Madigan’s unbalanced budget doesn’t appropriate pay for state workers
If AFSCME workers cannot be paid in the absence of a budget appropriation, pressure will be turned up on the governor to agree to the union’s unreasonable demands.
Not only does Illinois House Speaker Mike Madigan’s rush-job budget overspend by $7 billion, but it also does not even include appropriations to pay state workers.
Because Illinois has gone 11 months without a balanced budget, these workers are only being paid because a St. Clair County judge has ordered the state to do so. Madigan’s budget relies on that court order continuing – which may not be the case much longer.
As state Rep. Ed Sullivan, R-Mundelein, explained to state Democrats during the short-lived debate on Madigan’s budget, “You’re in essence voting to stop payment to employees, because in your bill, there’s no pay for employees. There’s no appropriation.”
Sullivan is right. According to a recent Illinois Supreme Court case, the state cannot issue back pay to certain state workers because, the court reasoned, that pay was not appropriated by the General Assembly.
This could mean that if the state does not appropriate funds for current worker pay, the state will not be able to pay them, either. Currently, state workers are being paid by court order. In the wake of the state Supreme Court’s decision on back pay, Illinois Attorney General Lisa Madigan is expected to now argue that the state must cease paying state workers.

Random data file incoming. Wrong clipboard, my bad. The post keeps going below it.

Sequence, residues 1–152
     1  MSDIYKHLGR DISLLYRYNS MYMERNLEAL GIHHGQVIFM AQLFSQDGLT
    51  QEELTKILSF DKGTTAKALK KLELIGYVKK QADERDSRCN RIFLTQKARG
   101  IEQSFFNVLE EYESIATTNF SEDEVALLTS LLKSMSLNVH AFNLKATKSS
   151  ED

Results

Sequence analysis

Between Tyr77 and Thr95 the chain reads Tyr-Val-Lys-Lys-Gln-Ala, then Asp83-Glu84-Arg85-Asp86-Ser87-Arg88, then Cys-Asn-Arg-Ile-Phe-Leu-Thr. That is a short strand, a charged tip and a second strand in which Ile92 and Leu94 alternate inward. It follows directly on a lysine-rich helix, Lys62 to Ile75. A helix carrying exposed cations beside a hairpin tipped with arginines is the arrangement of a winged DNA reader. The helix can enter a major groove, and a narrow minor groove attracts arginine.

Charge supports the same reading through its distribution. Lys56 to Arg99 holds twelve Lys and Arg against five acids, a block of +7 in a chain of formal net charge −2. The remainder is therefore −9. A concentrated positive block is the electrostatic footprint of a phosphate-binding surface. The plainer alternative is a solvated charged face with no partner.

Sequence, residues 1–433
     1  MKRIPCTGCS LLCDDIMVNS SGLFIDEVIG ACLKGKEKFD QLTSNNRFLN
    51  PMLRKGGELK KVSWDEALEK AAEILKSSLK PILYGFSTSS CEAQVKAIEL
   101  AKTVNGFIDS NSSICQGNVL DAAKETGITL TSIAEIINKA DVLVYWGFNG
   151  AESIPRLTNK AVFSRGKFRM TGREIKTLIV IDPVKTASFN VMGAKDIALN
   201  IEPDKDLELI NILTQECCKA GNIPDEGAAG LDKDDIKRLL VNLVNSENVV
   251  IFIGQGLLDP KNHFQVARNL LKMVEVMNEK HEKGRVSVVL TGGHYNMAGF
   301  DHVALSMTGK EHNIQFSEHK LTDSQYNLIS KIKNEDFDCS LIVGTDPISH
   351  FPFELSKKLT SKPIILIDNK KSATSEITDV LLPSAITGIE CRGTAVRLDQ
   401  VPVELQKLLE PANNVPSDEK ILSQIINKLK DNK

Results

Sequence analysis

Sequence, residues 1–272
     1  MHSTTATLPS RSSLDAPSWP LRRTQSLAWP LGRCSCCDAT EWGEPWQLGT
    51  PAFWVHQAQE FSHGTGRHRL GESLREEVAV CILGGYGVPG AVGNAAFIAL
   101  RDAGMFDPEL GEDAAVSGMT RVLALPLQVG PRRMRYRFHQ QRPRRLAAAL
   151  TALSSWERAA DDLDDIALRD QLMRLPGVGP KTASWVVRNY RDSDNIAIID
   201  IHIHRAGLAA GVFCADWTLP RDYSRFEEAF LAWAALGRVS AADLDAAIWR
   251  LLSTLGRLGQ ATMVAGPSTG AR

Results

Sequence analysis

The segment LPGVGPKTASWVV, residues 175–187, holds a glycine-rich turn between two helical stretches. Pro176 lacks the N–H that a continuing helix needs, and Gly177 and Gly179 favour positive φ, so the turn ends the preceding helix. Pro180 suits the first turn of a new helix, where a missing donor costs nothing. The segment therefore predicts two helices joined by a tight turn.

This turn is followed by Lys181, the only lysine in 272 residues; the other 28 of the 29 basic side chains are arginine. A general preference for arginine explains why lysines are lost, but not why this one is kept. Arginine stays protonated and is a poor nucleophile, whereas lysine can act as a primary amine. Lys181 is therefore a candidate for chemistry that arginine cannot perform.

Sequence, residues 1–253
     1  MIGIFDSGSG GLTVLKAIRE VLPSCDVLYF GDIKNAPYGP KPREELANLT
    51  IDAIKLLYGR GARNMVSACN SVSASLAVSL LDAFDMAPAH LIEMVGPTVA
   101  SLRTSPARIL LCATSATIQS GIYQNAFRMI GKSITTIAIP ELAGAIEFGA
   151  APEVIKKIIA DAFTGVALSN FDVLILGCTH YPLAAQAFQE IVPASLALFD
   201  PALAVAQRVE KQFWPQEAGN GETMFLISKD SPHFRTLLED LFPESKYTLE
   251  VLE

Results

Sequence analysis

The collision course is clear: If the court rules that the state cannot pay employees without specific appropriations from the General Assembly, and the General Assembly has made no appropriations, the state cannot pay state workers.
Illinois’ inability to pay state workers would have a significant impact on the governor’s contract negotiations with the American Federation of State, County and Municipal Employees. Since July 2015, the state has been paying AFSCME workers under the terms of the expired contract. The state’s negotiations with AFSCME will implode if those workers are no longer getting paid, with further pressure placed on the governor to agree to the union’s unreasonable demands.
In the meantime, AFSCME appears to be stalling impasse proceedings before the Illinois Labor Relations Board, until a point when Lisa Madigan effectuates a stoppage of worker pay. The impasse proceedings were originally scheduled for 18 days from April 25 through May 26. While the state presented and rested its case within the first five days of the proceedings, AFSCME has utilized the remaining 13 hearing days – and is far from resting its case. AFSCME Deputy Director Mike Newman’s testimony has been particularly slow, causing the presiding administrative law judge to encourage Newman and AFSCME attorneys to try to move things along, noting at one point that “there is a tinge of belaboring of points that does cause me some concern.”
But AFSCME’s stall tactics appear to be working. The proceedings have been extended and may not end until sometime in June. Ultimately, these tactics are likely part of Mike Madigan’s overall power play to hold the state hostage until he – and AFSCME – gets what he wants.